Israelis across the country on Tuesday mourned together with the family and friends of Rabbi Gavriel and Rivka Holtzberg as the two victims of last week's terrorist assault on the Indian city of Mumbai were laid to rest near Tel Aviv.
The most heart-rending images from the funeral were those of 2-year-old Moshe Holtzberg, who through a sea of tears repeatedly called out for his mother.
Moshe was spared the fate of his parents when his Indian nanny very alertly snatched him up and escaped the Mumbai Chabad Jewish outreach center hours after the terrorists had seized control of the building.
The Holtzbergs had run the center for the past five years. Dozens of Jews from the Crown Heights community in New York City where the Chabad movement is headquartered traveled to Israel for the funeral.
Three other Israelis and one Mexican Jewish woman who was planning to immigrate were also killed inside the Chabad center. All were laid to rest in Israel on Tuesday.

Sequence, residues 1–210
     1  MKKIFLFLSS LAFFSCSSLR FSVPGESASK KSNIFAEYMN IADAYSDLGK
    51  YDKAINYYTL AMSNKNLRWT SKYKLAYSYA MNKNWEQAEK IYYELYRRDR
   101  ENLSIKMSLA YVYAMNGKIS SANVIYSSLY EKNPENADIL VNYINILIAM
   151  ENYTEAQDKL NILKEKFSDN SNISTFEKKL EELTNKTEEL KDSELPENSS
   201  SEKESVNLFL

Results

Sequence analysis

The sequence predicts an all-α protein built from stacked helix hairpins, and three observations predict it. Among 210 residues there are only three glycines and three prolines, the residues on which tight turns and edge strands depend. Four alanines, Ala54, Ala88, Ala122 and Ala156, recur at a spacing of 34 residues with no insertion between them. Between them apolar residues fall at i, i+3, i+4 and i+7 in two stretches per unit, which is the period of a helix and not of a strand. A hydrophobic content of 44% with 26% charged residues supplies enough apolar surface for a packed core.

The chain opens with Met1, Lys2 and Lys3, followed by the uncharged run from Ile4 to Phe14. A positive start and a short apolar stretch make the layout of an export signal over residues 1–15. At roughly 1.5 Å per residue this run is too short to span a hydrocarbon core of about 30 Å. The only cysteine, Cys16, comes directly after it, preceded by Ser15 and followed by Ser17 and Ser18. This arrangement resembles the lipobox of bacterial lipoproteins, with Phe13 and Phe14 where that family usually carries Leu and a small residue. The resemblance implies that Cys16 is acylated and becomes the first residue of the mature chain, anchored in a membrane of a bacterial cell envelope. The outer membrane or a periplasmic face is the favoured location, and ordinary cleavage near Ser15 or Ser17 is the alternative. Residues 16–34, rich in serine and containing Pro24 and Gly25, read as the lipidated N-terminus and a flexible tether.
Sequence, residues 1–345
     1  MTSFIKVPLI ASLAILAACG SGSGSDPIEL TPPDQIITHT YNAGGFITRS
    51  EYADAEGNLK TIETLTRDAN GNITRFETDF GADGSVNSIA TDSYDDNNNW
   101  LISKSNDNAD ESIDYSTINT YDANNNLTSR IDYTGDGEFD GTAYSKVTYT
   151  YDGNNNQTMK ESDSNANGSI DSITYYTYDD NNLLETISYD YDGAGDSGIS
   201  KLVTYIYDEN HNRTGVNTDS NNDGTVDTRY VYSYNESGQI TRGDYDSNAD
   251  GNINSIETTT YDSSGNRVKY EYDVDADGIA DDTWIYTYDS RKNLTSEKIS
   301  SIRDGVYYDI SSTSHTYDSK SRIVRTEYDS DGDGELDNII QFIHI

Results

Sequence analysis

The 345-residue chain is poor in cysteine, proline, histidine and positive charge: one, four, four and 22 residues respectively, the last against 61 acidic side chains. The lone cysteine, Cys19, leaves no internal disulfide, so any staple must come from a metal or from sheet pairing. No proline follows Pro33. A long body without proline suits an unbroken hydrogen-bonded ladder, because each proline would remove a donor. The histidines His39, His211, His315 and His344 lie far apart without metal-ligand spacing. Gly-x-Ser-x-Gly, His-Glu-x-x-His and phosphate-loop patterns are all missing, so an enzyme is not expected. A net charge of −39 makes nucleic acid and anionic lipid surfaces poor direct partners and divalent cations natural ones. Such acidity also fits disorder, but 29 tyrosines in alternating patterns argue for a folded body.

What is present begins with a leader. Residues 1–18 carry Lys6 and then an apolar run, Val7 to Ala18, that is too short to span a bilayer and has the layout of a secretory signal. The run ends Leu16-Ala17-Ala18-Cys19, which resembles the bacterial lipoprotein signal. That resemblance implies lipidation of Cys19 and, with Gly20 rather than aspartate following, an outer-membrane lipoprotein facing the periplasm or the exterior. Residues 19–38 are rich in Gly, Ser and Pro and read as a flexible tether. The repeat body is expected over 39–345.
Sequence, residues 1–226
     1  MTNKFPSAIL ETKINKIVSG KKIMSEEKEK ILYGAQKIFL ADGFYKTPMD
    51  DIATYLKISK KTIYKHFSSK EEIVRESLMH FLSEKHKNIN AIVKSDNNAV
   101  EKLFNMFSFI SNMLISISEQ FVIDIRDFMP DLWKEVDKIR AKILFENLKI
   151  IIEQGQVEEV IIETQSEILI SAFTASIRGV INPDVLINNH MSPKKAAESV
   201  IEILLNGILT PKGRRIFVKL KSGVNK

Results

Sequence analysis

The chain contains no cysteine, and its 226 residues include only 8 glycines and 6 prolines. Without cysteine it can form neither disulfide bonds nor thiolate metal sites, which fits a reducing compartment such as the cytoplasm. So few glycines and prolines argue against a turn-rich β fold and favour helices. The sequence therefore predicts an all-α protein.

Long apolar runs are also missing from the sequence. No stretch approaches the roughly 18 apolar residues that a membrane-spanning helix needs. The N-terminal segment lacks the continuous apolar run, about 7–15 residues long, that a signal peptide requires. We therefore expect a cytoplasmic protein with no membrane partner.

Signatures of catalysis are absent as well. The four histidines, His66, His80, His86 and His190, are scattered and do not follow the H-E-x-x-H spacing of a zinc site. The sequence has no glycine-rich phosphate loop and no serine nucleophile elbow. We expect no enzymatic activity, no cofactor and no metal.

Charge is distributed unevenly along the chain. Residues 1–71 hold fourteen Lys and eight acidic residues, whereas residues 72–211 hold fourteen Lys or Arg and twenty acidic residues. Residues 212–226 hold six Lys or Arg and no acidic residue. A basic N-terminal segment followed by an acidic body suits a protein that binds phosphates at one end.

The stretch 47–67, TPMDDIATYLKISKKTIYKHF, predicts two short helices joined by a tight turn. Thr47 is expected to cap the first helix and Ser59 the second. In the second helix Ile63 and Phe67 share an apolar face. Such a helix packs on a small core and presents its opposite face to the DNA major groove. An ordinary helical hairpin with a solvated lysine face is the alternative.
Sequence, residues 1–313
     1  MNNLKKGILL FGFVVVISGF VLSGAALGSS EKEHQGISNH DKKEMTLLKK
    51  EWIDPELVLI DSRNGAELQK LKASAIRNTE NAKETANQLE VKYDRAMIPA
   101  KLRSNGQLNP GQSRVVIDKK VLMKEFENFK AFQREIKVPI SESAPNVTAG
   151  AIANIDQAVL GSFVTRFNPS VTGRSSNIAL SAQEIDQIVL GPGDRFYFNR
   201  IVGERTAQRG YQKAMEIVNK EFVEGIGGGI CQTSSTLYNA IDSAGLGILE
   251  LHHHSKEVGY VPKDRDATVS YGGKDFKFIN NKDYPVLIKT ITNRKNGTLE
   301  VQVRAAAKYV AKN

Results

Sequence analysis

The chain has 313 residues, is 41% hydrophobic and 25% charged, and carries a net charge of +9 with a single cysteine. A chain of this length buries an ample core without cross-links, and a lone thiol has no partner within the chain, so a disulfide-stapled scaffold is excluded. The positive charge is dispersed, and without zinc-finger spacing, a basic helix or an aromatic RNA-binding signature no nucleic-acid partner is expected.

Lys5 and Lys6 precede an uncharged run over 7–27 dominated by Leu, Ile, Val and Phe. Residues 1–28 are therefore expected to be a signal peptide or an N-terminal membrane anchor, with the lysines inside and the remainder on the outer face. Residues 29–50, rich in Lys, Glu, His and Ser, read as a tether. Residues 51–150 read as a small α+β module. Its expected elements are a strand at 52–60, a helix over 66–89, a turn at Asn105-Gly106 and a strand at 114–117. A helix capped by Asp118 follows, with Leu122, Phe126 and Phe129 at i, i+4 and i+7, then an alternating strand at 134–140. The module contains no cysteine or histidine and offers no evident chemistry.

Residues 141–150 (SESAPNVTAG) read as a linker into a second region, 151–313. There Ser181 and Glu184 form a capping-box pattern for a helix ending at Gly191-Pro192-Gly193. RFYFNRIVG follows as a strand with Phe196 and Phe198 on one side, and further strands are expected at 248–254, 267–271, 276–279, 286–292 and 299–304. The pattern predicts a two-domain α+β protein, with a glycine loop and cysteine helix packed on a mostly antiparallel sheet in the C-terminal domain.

A number of Israeli commentators and military experts have criticized Indian anti-terror forces for failing to more efficiently contain the attacks on the Chabad center and two nearby luxury hotels. The attacks lasted for three days and ultimately resulted in nearly 200 dead.
Meir Indor, chairman of the Almagor terror victims' association, said that while tough questions need to be asked, India should at least be credited for refusing to take any course of action other than eliminating the terrorists.
In a statement released to the press, Indor praised the Indian government for correctly understanding that "capitulating to terrorism, only means that there will be even more victims in the long run."
Nevertheless, Indor said that the Mumbai attacks clearly demonstrated the need for greater cooperation between nations like India and Israel in fighting terror, especially when an attack is taking place.
He faulted both the Indian and Israeli governments for failing to share real-time intelligence during the attack and to involve Israeli forces in the rescue operation.